Clothing Cleanout

Following Tuesday’s post about Jen Hatmaker’s book 7: An Experimental Mutiny Against Excess, I said I was going to write a series of posts examining areas in which changes need to be made to realign my habits and choices with my purpose and beliefs. This week I’m taking a critical look at the contents of my closet.

I love clothes. I like to look and feel good in what I’m wearing. And unfortunately that has driven me to buy more and more pieces when I get bored with what I already have, a frequent problem when buying things only because they’re on sale.

I’ve always been a frugal spender, shopping clearance racks and thrift stores, looking for good deals on clothing and accessories. But in the past I’ve let that fact justify excessive shopping habits. I would think, ‘Oh, what’s the big deal? This only costs $5; I can afford that.’ But I failed to account for how quickly those purchases added up, and how quickly the pieces became overlooked. Because I found such affordable items, I bought more of them than I needed, which left me with an abundance of pieces that I only sort of liked. My closet and dresser were quickly filling up, and yet I still felt like I didn’t have much that I really liked to wear.

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My closet before I began this clothing cleanout

Looking into a closet full of things I felt indifferent about made my stomach churn. Why did I spend so much money on things I wasn’t going to get enough use out of? Why did I convince myself that it was worth it to buy something just because it was on sale? I wasn’t going on $500 shopping sprees every weekend, but when I was still trying to pay off debt, spending even $40 on unneeded or unused items seems wasteful.

My chopping shopping challenge has prevented me from buying new things since March, but I know that I still have a challenge ahead of me: clearing out the unnecessary items that are already in my possession. It’s great to not add any more unneeded things, but the process really needs to begin with what I already have.

So begins my challenge to clean out my unwanted and unused items. This will likely be quite the undertaking as I have to think honestly about pieces I’ve been holding onto for a while, but it’s a good task to tackle as I prepare to pack up for our upcoming move. I In the middle of my cleanout, this was my "do I really want to keep this?" pile.expect the rest of this project will entail the following:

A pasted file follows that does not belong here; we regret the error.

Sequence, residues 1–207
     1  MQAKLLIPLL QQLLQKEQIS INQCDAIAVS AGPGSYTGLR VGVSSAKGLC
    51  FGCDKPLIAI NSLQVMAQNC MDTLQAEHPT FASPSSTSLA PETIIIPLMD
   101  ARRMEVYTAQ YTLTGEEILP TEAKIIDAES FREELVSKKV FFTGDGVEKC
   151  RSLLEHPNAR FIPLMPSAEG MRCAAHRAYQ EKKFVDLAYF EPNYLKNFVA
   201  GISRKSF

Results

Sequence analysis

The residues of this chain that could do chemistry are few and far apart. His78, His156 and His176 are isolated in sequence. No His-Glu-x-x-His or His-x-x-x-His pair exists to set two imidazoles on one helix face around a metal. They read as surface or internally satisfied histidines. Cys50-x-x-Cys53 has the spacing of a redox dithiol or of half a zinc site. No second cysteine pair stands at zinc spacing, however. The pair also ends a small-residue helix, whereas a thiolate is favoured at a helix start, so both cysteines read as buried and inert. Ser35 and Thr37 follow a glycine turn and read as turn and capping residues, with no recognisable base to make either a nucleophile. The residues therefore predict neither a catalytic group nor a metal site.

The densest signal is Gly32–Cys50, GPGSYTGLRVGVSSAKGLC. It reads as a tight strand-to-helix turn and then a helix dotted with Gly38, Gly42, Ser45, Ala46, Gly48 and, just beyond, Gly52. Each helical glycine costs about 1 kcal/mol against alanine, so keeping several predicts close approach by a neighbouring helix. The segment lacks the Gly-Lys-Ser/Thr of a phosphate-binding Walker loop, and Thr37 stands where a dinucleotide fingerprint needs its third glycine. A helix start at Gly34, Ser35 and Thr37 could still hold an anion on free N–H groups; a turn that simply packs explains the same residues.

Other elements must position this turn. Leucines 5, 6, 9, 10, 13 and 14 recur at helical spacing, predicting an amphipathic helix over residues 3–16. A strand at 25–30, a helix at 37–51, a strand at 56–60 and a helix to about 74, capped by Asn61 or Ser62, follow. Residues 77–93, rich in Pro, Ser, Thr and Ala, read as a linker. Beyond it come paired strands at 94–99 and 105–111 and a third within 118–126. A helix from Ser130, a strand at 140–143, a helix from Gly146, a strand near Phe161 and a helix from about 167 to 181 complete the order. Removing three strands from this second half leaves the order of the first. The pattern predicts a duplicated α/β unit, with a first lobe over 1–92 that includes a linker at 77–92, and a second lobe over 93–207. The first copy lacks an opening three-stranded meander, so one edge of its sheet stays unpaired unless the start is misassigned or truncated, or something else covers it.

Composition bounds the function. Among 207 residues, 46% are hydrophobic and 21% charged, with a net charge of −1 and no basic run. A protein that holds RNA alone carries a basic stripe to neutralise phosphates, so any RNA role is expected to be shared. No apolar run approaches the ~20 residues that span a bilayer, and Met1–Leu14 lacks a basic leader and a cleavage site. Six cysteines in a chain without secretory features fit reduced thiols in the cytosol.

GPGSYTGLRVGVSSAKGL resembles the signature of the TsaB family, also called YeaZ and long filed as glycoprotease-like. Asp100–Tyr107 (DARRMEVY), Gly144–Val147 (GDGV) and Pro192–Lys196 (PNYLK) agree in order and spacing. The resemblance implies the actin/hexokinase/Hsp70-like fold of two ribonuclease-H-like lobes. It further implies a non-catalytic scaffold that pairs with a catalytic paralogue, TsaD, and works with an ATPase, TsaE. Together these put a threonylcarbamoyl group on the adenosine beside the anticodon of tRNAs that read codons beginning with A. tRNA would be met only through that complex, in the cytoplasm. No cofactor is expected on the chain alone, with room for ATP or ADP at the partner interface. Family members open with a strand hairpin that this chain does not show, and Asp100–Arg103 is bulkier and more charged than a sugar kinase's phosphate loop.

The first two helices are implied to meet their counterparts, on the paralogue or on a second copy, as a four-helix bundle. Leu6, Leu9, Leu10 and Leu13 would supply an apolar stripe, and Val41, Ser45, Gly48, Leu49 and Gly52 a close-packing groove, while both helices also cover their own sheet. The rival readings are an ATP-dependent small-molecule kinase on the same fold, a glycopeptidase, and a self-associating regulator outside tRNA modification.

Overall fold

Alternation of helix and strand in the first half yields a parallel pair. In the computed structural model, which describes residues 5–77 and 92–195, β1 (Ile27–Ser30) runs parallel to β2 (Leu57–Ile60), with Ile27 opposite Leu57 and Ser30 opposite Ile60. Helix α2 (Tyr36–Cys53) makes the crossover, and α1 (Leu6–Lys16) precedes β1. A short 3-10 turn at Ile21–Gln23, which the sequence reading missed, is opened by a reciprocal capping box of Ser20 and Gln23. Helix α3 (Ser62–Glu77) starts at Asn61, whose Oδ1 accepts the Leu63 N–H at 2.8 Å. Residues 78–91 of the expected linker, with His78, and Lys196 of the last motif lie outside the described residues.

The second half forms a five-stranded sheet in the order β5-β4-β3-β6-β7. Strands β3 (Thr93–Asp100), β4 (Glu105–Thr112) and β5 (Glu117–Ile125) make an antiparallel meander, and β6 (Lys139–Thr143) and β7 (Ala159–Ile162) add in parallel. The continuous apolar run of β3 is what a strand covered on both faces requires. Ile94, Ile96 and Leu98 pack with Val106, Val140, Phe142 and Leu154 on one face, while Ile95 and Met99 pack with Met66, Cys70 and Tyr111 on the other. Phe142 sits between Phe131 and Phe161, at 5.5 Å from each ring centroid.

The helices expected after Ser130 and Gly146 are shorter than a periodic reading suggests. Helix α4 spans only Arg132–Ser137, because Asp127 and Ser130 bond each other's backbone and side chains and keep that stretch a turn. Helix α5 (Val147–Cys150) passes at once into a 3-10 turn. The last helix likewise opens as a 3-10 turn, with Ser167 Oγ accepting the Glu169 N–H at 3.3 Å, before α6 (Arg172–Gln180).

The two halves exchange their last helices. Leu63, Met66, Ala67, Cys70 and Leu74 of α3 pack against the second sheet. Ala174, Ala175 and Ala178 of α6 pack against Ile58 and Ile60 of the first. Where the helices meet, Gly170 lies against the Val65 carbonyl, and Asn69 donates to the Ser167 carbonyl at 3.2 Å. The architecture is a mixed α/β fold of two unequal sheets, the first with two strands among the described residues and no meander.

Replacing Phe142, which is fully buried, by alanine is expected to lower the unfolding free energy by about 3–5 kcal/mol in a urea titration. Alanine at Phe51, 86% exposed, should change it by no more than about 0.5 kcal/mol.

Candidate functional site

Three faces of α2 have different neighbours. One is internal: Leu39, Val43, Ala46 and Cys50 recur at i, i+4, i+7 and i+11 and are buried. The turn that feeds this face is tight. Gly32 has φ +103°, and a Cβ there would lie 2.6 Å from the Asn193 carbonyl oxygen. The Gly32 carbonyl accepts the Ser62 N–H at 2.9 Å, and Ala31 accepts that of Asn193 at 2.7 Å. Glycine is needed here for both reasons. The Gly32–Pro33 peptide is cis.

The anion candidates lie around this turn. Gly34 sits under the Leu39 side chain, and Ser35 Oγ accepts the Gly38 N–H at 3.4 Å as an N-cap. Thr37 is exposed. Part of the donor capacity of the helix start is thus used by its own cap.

1. Making sure all of the items are in good condition (no stains, holes, etc.).
  2. Trying most of my clothes on, with the exception of thepieces I have worn recently, to ensure everything still fits properly.
  3. Getting rid of clothes that no longer fit anymore (and can’t reasonably be tailored to fit, or aren’t liked enough to make the effort worth it).
  4. Identifying the pieces I haven’t worn in the last six months.
  5. Asking why I haven’t worn unused pieces, as the reasoning is important. Some things are for special occasions that I haven’t encountered, some other pieces may need a little work done to repair them, while others get passed over repeatedly because I just don’t like them all that much.
  6. Inviting my friends over for a girls’ night in, including an invitation for them to bring their unwanted clothes, accessories, and books over to trade. I came across this idea recently as a solution to shopping out of boredom with what we already have– borrowing or trading ensures fewer purchases and better use of everyone’s items.

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    My pile of clothes to be tailored.

  7. Bringing leftover items from our swap to a nonprofit that provides for the needs of people in our community.
  8. Researching nonprofit companies that sell clothing and accessories that are responsibly made and sold so my future purchases can support a good cause instead of just funding large corporations.
  9. Making sure that I only buy things I really like and will get a good use out of, instead of falling prey to advertising and sales.
  10. Revisiting my closet regularly to keep checking whether I’m living up to my goals, as maintaining my clothing situation is a continuous process.
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